Much has been said about the fly ball revolution over the past two years, but every word has been appropriate – especially as juiced balls remain a potential issue – because it transformed a number of players’ careers.
Take Ian Happ, for one example. After improving his fly ball rate from 33.3% at High-A (2016) to 35.8% at Double-A later that season, and eventually 38.7% at Triple-A a year later, his ISO improved from .179 to .317 in the Minors.
And in his Major League debut last season, Happ’s fly ball rate climbed even further (39.7%), and that helped him transform league average soft/hard contact rates into 24 home runs, a .261 ISO, and a .514 slugging percentage over 413 plate appearances. Happ was always expected to have some power, but he wasn’t necessarily expected to be *this* kind of slugger.
Something changed along the way, and more fly balls was probably a big part of that.
HOWEVA, the honeymoon can’t last forever – and not just for Ian Happ, who is now struggling, but for every hitter trying to take advantage of launch angles. These things tend to swing like a pendulum, and if you trust Joe Maddon, who recently discussed this issue on 670 The Score, this particular pendulum might swing back the other direction:
“I also believe the fly ball thing is going to gradually simmer down a little bit. I think the launch angle is going to become less prominent with the elevated fastball. As more teams are incorporating that, then the natural progression is going to be how do you combat that? You combat that by the tried-and-true principles of top half of the ball, inner half of the ball, staying inside the ball …. So velocity in the bullpen, elevated fastballs, all those things don’t speak very well for the launch angle or that type of swing.”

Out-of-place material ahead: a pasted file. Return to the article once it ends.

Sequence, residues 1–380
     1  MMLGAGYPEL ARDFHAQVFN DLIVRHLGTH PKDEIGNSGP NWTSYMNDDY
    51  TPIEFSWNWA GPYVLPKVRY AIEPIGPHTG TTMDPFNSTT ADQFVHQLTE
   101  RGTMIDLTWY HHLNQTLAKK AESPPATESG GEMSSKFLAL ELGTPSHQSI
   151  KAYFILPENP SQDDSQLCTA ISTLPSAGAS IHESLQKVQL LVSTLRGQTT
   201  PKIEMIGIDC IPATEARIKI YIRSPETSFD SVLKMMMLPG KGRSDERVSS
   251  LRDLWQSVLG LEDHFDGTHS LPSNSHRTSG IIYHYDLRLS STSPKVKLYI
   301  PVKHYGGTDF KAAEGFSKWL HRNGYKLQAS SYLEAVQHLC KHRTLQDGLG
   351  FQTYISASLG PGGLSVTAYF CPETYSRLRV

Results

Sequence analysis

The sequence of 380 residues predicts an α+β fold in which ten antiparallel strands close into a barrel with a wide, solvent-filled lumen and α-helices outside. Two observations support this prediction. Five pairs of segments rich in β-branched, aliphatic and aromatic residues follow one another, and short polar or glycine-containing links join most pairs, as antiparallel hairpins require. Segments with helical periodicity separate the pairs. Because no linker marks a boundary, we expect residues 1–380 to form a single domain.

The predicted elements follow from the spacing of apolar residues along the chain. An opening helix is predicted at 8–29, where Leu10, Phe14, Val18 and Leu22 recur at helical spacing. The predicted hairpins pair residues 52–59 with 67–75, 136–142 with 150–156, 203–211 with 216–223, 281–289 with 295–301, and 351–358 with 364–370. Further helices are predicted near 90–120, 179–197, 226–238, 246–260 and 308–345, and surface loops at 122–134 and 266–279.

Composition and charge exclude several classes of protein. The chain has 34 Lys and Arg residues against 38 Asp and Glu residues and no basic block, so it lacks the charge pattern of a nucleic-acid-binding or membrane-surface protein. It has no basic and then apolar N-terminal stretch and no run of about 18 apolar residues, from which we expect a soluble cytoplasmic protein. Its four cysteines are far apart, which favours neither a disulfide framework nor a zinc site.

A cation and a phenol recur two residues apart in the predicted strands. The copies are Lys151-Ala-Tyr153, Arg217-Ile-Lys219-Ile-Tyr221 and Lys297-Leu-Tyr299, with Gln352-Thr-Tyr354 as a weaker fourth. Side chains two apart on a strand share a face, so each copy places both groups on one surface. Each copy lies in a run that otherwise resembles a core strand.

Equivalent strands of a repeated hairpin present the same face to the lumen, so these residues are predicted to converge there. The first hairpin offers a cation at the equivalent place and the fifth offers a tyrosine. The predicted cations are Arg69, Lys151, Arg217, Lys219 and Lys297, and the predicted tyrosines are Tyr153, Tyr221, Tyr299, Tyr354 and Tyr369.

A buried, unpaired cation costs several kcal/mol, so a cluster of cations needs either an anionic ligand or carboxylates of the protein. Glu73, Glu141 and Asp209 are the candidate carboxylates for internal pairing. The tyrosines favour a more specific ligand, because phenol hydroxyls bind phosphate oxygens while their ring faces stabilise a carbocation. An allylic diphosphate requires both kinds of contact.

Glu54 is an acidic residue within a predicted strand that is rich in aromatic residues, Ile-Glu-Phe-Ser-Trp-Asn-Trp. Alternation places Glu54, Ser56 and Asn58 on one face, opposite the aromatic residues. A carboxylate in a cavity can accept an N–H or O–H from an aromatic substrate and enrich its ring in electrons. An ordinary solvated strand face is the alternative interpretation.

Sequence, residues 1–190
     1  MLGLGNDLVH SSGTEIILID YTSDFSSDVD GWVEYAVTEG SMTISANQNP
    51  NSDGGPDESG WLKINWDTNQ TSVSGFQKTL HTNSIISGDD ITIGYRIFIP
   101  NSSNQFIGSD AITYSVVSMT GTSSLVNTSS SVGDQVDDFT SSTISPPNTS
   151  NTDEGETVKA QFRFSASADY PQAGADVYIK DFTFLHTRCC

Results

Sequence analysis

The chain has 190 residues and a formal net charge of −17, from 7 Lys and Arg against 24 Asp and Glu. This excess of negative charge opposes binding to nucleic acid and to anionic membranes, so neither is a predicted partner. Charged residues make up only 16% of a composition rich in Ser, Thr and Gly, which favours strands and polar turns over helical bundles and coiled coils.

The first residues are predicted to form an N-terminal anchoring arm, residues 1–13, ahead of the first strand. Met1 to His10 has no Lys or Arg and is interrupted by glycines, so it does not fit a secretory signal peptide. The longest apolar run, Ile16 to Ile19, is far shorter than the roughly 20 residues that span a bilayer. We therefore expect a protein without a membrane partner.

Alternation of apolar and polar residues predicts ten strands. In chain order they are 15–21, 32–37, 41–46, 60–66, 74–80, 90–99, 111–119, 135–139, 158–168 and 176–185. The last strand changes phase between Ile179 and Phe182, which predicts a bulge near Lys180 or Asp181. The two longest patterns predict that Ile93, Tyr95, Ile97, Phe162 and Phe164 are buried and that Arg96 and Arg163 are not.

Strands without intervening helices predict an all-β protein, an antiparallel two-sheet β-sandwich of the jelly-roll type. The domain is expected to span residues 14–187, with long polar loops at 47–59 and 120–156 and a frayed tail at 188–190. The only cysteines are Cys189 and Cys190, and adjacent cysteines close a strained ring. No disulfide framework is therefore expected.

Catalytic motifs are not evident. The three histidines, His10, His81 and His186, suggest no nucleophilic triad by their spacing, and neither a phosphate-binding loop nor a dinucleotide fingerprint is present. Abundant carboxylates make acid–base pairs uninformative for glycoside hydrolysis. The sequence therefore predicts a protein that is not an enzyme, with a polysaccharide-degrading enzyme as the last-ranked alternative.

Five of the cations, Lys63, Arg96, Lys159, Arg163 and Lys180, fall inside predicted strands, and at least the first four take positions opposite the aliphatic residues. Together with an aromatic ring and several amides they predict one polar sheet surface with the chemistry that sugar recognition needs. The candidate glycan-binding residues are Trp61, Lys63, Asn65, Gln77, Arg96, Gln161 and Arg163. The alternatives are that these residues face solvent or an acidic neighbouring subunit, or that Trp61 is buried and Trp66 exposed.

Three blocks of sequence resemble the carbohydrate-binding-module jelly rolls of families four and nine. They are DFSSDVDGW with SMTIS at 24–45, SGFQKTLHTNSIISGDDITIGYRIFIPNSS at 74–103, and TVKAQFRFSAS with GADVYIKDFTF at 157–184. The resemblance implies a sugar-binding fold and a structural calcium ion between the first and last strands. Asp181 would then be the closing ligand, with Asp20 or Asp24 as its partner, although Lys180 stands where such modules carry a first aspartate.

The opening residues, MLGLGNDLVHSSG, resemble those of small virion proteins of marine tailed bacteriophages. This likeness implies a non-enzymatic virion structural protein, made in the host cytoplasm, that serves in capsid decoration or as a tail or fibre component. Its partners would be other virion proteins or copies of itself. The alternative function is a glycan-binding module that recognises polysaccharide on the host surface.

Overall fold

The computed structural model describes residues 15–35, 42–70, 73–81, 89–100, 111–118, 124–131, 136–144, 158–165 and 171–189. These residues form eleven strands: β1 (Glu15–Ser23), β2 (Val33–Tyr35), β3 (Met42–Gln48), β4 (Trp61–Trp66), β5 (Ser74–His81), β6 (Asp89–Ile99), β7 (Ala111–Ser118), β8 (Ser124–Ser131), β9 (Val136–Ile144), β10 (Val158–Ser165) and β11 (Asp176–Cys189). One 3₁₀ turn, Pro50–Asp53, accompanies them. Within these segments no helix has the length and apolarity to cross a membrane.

I sense that Maddon could be right about that. As more hitters try to elevate, they’ll become more susceptible to whiffs on high fastballs. And when you throw in the fact that all pitchers are throwing harder than ever before while also focusing on spin rate (which helps keep the fastball elevated), those high fastballs are about to get even more challenging.
For what it’s worth – and you can debate just how much, given the early stage of the season – it does look like Happ is being challenged more often by high four-seam fastballs. Here’s 2017’s distribution of four-seamers to him (Brooks):
And here’s 2018 (Brooks):
It’s only one player and a super small sample, but it just serves to illustrate Maddon’s point.
Ultimately, it’s nice to have a forward-thinking manager like Maddon working with the Cubs’ young hitters at this particular moment in baseball time. The launch angle revolution is an attractive beast, and young guys like Addison Russell, Kyle Schwarber, Javy Baez, Albert Almora, and Ian Happ are all plausible candidates to buy in, given their desire to add power. Maddon’s job is to make sure they don’t go too far with it and remain the best overall hitter each can be.